Appropriately enough for a July meeting while the 2019 Tour de France is ongoing, Ron Kaminecki was the speaker at the Earth Rider Cycling Series on July 10th and gave a talk about a bike ride of the Loire Valley in France which ended with a viewing of the final stage of the 2017 Tour de France in Paris.
He booked a tour with Two Bicycles and a Map which started in Blois, France and went along the Loire Valley, visiting chateaus, castles, forts and caves along the way over a week and a half. French aristocracy had been establishing chateaus along the meandering river valley and some of the properties were hundreds of years old. Admission costs were reasonable ($7-12) and each varied quite a bit from overdone ornate bedrooms to bare walls.
“Being on a bicycle made it easy to go to several chateaus a day because the distances were not great and the bicycle parking usually put us right at the entrance gate,” Ron said. Buses and automobiles would have to park long distances away and with the traffic in mid-summer in France, their bikes were able to slip through the jams easily. They visited thirteen different chateaus, plus a few caves, including one that is used to grow mushrooms. They rented Trek hybrids that were equipped with a handlebar bag, a map and a cable lock. They did lose the key at one chateau but were able to use sign language to convince the staff to contact the ride organizers who had a local bike shop dispatch a biker with a clipper and a new lock. Rides ran from 15-30 miles per day with one or two longer optional rides. Typically, they would ride to a town where a hotel was waiting, their luggage was transported from the last hotel, and they met the rest of the riders for dinner. They would then loop around the town visiting sites for the next day or two and then proceed to the next town.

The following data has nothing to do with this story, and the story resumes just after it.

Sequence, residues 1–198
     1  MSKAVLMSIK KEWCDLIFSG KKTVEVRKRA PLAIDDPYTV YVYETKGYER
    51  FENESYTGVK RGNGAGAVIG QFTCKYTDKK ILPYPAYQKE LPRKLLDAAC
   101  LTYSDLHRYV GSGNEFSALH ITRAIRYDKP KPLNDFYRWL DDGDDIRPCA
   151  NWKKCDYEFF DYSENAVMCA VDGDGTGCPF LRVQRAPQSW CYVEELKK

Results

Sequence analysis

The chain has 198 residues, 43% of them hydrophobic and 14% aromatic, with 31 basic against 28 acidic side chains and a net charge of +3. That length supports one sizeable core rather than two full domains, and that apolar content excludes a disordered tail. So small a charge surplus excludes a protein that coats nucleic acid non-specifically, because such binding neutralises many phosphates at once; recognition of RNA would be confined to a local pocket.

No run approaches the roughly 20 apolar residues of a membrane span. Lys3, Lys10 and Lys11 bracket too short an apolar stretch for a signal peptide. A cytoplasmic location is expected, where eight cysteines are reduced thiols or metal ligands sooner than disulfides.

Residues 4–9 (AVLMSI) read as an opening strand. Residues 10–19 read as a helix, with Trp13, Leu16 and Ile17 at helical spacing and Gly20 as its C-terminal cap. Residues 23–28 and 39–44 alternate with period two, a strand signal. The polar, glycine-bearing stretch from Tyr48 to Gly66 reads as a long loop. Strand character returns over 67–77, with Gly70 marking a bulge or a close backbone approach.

- Watching the dogs get fed at the Chateau de Cheverny where one handler had over 70 large hunting dogs wait until he gave the word (in French, of course) for them to feast on the meat laid out in long trays;
-Visiting the Chateau de Chinon which got started almost a thousand years ago;
-Seeing the Chateau Usse which is thought to be the model for the Disneyland castle and the resemblance is very close;
-Walking through the massive gardens of the Chateau de Villandry; and
-Actually feeling the riders zoom by on the final stage of the Tour de France in Paris.
Overall, the trip was memorable and using bikes to visit these sites was a great way to cover a lot of ground with minimal hassle.
Sharon Kaminecki comments on adventures in bicycling and other stories